H. Brown

BROWN, Henry
Private 12830, 6th Battalion,
Dorsetshire Regiment.

Born - Tavistock, Devon
Enlisted - Pontypridd, Glam
Residence - Nelson, Glam
Died - 7th July, 1916 - Western Front - killed in action

Son of Samuel Brown, of Cattistock, Dorset
Husband of Annie Mary Brown, of 1, Shingrig Rd., Nelson, Cardiff.

Commemorated on Thiepval memorial, Somme, France - Pier and Face 7B

H Brown memorial

Panel of names at Thiepval

Henry Brown was actually listed on early records as Harry Brown. His father, Samuel, came from Frampton in Dorset having been born there in about 1850. Samuel’s wife Emma was born in Cattistock in about 1852. Cattistock and Frampton are only about four miles away from each other. Samuel Brown was shown as a domestic groom living at Dorchester Road, Cattistock in 1881. The house number is not listed, but the adjacent entries in the register are shown as Rose Cottage and Mill Cottage.
When Emma was just eighteen years old, she gave birth to the first of nine children.

Charlotte was born in 1870
Alfred and George were born in 1877 (it is not clear whether they were twins, but this is certainly a possibility)
William was born in 1879
Harry was born in 1882 (making him 34 years old when he was killed)
Frank was born in 1884
Margaret was born in 1885
Leah was born in 1887
Minnie was born in 1889, and
Bernard was born in the summer of 1890

In 1891 the family are shown as living at School House, Cattistock, Dorset.

By 1901, most of the children have disappeared from the household registry, Harry included. In fact, I can’t locate Harry (and be sure it is the right one) on any census returns for 1901. Harry’s parents are shown as living at a Cottage near Mill Lane. It is not clear whether this is the same address that they had been living at twenty years previous.

While most of Samuel and Emma’s children had by now flown the nest, there is an addition to the family in the form of Clara Drew who was born in 1899 in Axminster. Clara is listed as the granddaughter of the head of the house, i.e. Samuel’s grand-daughter and Harry’s niece. I have no information about the father.
Drew happens to be the maiden name of Emma Brown, Clara’s grandmother.

By 1911, Henry Brown is a boarder, living with Robert and Rachel Thoms in Springfield Terrace, Nelson. His occupation is shown as mine repairer.

(There is reason to believe Maiden Newton is the village that has been recorded as Maiden Norten and has possibly been mis-represented.
1. It is almost at the midpoint between Cattistock and Frampton.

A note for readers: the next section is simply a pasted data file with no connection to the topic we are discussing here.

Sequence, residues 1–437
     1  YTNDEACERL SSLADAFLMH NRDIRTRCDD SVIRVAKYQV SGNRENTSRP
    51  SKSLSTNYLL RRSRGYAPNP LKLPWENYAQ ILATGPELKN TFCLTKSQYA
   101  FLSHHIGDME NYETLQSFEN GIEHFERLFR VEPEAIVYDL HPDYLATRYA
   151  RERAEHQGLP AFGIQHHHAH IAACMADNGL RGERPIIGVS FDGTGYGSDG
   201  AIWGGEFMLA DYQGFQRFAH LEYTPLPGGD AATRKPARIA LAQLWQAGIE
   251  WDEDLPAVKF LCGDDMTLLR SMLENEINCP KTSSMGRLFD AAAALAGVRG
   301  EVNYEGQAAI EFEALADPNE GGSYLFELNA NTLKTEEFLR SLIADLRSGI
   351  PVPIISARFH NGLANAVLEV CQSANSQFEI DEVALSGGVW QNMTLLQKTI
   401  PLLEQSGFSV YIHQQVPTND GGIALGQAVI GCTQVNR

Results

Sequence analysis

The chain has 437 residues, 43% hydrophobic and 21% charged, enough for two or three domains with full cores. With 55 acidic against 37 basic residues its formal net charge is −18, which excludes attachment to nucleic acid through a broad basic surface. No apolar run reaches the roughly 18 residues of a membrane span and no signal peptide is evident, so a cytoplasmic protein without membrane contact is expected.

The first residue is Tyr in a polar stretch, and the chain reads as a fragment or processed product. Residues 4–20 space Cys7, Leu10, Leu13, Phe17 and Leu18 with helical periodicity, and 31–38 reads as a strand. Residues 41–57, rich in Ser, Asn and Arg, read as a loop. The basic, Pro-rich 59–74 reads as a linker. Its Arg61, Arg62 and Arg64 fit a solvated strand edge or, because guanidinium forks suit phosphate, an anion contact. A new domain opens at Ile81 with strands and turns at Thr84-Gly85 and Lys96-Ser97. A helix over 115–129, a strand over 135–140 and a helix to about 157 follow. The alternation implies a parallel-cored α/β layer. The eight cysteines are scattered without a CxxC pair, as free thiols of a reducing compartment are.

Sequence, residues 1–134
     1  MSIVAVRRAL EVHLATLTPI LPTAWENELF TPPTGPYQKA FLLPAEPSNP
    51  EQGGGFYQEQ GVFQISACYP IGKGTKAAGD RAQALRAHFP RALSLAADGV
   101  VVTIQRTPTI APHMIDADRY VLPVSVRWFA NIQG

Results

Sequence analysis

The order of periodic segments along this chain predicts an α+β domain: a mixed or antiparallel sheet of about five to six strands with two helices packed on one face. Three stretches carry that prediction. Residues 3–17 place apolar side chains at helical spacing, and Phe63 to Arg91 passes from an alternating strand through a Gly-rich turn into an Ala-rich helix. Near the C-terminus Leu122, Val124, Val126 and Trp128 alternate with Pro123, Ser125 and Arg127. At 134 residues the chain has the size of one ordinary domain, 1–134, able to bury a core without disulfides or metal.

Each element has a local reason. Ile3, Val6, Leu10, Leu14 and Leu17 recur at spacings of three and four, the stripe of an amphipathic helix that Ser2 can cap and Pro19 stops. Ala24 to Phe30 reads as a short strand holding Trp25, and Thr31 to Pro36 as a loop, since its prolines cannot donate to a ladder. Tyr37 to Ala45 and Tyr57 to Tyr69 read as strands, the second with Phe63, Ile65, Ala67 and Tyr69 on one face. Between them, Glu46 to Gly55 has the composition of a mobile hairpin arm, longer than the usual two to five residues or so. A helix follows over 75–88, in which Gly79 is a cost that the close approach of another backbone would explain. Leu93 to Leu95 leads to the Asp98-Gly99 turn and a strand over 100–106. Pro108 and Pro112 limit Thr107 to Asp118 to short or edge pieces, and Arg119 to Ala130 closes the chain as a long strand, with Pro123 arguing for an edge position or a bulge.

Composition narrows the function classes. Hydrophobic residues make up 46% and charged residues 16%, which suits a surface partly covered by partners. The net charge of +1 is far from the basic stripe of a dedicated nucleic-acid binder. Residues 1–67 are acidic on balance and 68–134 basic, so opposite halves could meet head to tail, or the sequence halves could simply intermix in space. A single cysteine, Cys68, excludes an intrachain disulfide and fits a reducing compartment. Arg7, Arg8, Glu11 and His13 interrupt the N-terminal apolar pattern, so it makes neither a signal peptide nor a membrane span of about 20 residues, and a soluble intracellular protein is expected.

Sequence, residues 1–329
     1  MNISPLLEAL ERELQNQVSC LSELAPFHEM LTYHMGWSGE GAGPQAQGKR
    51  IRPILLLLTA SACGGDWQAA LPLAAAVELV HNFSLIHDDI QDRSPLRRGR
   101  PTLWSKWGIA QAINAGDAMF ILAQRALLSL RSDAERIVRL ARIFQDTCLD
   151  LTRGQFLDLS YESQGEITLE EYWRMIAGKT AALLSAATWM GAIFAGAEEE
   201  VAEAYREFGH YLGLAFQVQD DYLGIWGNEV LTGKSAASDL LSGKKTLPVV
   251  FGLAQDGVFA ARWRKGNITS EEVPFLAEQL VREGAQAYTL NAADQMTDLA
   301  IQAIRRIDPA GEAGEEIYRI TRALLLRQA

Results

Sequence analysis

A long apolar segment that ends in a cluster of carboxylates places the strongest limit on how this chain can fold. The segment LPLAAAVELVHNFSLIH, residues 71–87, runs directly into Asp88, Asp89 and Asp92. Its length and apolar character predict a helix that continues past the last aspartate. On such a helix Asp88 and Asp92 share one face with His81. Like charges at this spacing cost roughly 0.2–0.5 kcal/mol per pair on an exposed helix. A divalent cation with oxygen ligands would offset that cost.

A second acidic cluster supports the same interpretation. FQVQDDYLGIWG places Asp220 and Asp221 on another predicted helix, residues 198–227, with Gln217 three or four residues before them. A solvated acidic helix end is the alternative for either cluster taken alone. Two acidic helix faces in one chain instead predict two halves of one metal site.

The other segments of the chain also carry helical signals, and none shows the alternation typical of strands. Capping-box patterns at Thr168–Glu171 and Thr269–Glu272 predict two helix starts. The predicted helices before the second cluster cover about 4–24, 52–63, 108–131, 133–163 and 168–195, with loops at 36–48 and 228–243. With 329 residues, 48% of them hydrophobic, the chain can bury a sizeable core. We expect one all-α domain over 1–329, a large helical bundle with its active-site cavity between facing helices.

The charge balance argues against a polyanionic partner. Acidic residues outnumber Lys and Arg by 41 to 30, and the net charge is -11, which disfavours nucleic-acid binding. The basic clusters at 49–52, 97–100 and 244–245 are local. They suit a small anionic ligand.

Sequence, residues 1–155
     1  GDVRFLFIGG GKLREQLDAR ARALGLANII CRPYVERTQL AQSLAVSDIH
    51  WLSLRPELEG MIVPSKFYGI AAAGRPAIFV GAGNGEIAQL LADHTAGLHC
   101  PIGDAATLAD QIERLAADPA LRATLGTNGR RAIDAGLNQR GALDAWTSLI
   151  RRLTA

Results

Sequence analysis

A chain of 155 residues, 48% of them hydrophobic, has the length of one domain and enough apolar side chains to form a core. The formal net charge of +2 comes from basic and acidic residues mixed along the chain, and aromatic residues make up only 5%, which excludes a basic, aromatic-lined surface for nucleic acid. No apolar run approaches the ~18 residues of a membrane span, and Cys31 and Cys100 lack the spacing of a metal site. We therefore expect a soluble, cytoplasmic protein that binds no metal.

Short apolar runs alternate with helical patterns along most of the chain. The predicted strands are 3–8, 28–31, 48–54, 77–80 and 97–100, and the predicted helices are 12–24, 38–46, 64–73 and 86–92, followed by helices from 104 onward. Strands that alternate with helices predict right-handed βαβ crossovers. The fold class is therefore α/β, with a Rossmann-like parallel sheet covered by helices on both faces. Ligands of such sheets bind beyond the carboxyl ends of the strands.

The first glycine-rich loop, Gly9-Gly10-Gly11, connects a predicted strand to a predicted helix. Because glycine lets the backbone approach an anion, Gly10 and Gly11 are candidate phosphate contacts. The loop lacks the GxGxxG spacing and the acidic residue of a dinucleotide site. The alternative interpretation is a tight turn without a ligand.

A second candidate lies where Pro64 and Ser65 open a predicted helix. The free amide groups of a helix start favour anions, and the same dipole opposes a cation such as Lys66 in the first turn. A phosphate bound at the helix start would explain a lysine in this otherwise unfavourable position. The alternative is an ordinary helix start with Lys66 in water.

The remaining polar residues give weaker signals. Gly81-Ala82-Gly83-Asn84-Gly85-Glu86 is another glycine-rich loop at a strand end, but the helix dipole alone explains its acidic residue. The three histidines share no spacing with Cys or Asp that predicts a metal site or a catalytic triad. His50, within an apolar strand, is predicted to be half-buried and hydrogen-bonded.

2. There is to this day a road called Norden Lane in Maiden Newton.
3. Spelling mistakes were frequent in those days, many words being written as they appear to sound.)

In September 2010, my wife and I visited Cattistock, trying to make some enquiries with any remaining Brown descendants. We spoke to several people in the village and none knew of any ‘Brown’ families living there.
We then went to Cattistock Church and found the Cattistock War Memorial. Upon it, I found the names of Henry Brown and his brothers William and Bernard Brown.

William BROWN, Private 17068, 6th Battalion Dorsetshire Regiment.
Born - Cattistock: Enlisted - Dorchester: Residence - Cattistock.
Died - 12 April 1917 in France - commemorated in Bay 6, Arras Memorial, France.

Bernard BROWN - Gunner 72112, ‘D’ Battery, 123 Brigade, Royal Field Artillery.
Born - Dorchester: Enlisted - Guildford.
Died - 2nd October, 1918 in France, buried at Metz-en-Couture Cemetery, Gouzeaucourt, France

Following his death, Henry Brown’s effects to the sum of £6 15s were given to his widow, Annie


5th August 1916.

On Monday morning, Mrs Brown, 1, Shingrig Road was officially notified that her husband, Private Harry Brown, 12830, 6th Battalion, Dorset Regiment had been killed in action. Deceased was 34 years of age, and prior to enlisting worked at the Penallta Colliery. He leaves a widow and one child. Mrs Brown received a letter from the deceased’s company officer, which read as follows:

In the field 10-7-16 – Dear Madam, I very much regret to inform you that your husband was killed in action on the night of 7-8 July 1916. He was a good soldier and has nobly done his work. I have no doubt that you will be somewhat consoled that he died fighting for his King and Country. I tender you my sympathies in your trouble and loss.
yours faithfully.
A E Barton (Capt O.C.), ‘B’ Company, 6th Dorsets.

[Source: Merthyr Express]

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